“Inspiring Hope” – presented by NASCOD and CONTACT USA. Attendance is essential for crisis organization managers and invaluable for all who work in crisis organizations and call centers. This conference is all about sharing knowledge and camaraderie; you are not alone!
Please come and check out the amazing and definitely hope-inspiring presentation and workshop line-up they have in store for you this year by visiting http://www.nascod.org/conference/
But you must act quickly! Hotel conference discounts end after September 27th and conference registration closes October 7th.
Ontario Online and Text Crisis Services program (ONTX) recently marked a year of service to their communities, and shared data with constituents in their latest newsletter. In the report they describe response to the program as “overwhelmingly positive” while allowing contact with many individuals who otherwise would not have reached out for help.
Some key findings:
- Total chats and texts: 8,921
- 75% of visitors were under 24 years old, while that same demographic makes up a very small portion of their phone callers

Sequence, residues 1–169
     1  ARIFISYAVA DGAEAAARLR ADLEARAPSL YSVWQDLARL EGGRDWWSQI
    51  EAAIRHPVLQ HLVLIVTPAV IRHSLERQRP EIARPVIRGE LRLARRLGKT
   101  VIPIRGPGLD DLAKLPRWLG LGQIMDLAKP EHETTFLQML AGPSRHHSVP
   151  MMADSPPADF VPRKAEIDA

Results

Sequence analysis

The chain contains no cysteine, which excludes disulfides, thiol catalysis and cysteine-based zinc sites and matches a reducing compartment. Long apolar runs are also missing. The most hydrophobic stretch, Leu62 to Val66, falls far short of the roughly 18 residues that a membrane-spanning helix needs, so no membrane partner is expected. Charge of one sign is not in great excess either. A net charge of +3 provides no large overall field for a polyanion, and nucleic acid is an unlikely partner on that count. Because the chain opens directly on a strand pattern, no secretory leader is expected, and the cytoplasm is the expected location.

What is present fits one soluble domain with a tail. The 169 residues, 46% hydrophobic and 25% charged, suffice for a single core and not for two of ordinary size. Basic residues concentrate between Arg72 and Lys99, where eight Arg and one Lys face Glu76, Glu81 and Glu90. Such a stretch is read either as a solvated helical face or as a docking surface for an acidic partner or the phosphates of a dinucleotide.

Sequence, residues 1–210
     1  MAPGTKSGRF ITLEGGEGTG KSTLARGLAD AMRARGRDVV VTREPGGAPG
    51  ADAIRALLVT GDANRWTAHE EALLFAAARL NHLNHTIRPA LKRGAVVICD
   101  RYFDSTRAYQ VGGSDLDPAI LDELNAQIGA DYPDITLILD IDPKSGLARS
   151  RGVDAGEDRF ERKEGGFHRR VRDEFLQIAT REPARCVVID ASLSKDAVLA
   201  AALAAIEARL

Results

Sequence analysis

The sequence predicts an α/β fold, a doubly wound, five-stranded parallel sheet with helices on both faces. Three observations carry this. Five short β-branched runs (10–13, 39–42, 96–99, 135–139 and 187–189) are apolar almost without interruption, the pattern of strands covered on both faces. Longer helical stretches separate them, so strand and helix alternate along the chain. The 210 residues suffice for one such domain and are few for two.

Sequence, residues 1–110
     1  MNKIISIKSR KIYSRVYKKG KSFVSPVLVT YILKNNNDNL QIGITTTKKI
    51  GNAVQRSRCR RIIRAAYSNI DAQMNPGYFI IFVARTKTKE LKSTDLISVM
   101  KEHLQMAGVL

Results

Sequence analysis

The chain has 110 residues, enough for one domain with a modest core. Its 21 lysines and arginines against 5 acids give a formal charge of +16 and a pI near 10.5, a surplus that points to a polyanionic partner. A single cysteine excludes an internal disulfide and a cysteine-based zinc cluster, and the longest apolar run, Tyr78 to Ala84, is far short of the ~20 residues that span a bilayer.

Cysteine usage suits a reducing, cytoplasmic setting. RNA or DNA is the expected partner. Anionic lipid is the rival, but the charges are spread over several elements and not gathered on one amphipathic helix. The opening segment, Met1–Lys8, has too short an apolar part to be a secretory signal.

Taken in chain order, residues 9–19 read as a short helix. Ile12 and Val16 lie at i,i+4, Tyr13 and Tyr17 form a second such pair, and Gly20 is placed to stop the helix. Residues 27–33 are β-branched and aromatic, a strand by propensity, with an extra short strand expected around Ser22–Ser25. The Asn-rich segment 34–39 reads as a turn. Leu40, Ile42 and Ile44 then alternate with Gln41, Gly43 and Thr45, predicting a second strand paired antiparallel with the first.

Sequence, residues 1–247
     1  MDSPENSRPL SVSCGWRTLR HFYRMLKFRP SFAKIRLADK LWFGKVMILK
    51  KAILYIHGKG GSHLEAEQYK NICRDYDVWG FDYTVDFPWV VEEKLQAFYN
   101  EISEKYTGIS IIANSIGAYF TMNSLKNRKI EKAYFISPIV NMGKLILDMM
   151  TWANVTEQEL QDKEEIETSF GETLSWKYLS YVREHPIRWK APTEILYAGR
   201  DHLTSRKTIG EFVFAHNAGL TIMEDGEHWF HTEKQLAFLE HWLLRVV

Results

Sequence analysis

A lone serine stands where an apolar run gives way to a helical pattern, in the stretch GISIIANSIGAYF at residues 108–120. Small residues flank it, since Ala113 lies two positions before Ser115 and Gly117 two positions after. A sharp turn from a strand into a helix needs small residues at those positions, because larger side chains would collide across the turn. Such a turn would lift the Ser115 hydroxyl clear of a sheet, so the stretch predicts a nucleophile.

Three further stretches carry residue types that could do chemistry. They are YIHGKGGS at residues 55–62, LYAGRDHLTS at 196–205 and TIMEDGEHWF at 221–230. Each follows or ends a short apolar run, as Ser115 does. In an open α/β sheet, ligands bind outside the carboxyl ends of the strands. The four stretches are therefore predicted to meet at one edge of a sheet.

- Over 200 specialists trained to take chats and texts
- They receive an average of 5 suicide-related contacts each time the service is open
- More than half of visitors said that in the absence of an online emotional support service like ONTX, they would not have spoken to anyone about their problem
For a full look at the released findings click here, or read a summary here. Want future updates from ONTX and other services of DC Ontario? Be sure to sign up for Distress and Crisis Ontario’s newsletter by emailing your request to .
We’re thrilled by the success of our friends at ONTX, though it comes as no surprise to us that they’ve had this response. The caring people at the Distress and Crisis Ontario have been providing listening support and crisis intervention to Ontario for nearly 50 years. Their latest step to make their services available in a way that works for everyone in need demonstrates their commitment to helping people and saving lives.
Like so many others throughout the US and the rest of the world, we’re heartbroken over the events that played out early Sunday morning in Orlando. Yet another city’s name has become synonymous with tragedy.